Ascension Sunday? Y'all live in the south, I take it? Never knew it was a holiday. In my neck of the woods (Eastern Canada) it was Victoria weekend. No Jesus on a stick anywhere in sight. Just fireworks and Monday off.


              1. Popit profile image72
                Popitposted 3 years agoin reply to this

                big_smile I live in France, were any outward display of religious symbolism is against the law but Christian festivals are celebrated with bank holidays.  Farmers tend to work on Christmas day but on Ascension, the only thing you can hear is the birds.

                1. Slarty O'Brian profile image85
                  Slarty O'Brianposted 3 years agoin reply to this

                  France, eh? Surprised Quebec doesn't celebrate it then. (that I know of) They just tried passing a law that forbids religious symbols. It was election time and the government fell. Sorry I thought you lived in the US. I don't get to talk to a lot of Europeans on Hub Pages.

                  My wife has wanted to go to Paris for a long time now. Perhaps we'll make it there some day.

                  1. Popit profile image72
                    Popitposted 3 years agoin reply to this

                    I wouldn't bother, it's the mugging capital of the world.  I live in rural Brittany, where people still speak Breton, a Celtic language and despise all thing Parisian.  There are 3 main religions here, Buddhist, Druid and Catholic.  All the major Christian festivals, (and there are loads of them I hadn't heard of) are celebrated with Pagan rites.  They still put a crow in a cage in a field to bless the crops and if they don't like you, a dead song bird will be hung opposite your front door.  Anyone who goes to the trouble to obtain a song bird and fix it in plan view on your property in the dead of night to curse you and your house, is a very determined person.  It hasn't happened to us but our neighbors..........  Religious practice here is shall we say; complex.  Druidism has been incorporated into Catholic practice and devout Christians keep their heads down.  You can't wear a crucifix to work but you can spot a Druid elder a mile off.  big_smile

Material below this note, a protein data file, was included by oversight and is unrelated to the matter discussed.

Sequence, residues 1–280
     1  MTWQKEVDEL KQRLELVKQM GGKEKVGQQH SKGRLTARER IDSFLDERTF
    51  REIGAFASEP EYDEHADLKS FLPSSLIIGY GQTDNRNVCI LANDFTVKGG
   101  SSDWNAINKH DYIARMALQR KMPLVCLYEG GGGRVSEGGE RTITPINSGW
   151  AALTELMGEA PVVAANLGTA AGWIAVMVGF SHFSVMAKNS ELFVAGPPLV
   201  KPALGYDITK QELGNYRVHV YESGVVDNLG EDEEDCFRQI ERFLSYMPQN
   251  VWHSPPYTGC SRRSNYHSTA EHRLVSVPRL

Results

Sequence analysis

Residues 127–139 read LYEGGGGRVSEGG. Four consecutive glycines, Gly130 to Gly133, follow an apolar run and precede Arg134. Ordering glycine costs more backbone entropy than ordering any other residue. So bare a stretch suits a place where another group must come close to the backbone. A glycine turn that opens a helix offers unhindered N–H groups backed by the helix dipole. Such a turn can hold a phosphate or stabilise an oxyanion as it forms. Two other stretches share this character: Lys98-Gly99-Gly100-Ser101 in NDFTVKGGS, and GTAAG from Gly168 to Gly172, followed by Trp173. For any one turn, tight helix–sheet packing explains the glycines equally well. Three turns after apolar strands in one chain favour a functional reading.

2. Titen-Sxull profile image87
      Titen-Sxullposted 3 years agoin reply to this

      Aside from the Catholics I think most other Christian sects understand that its a metaphor though I'm sure interpretations of that metaphor vary wildly.

      I remember taking Communion as a kid, our church was rather large and they would do a very lengthy musical piece as they passed out the little wafers and grape juice (we didn't get wine unfortunately). I always hated having to stand because it took forever before they were finally through with it and the mind has a tendency to wander so that when they got to the actual event I had to purge all the nonsense I was thinking about and try to get serious again.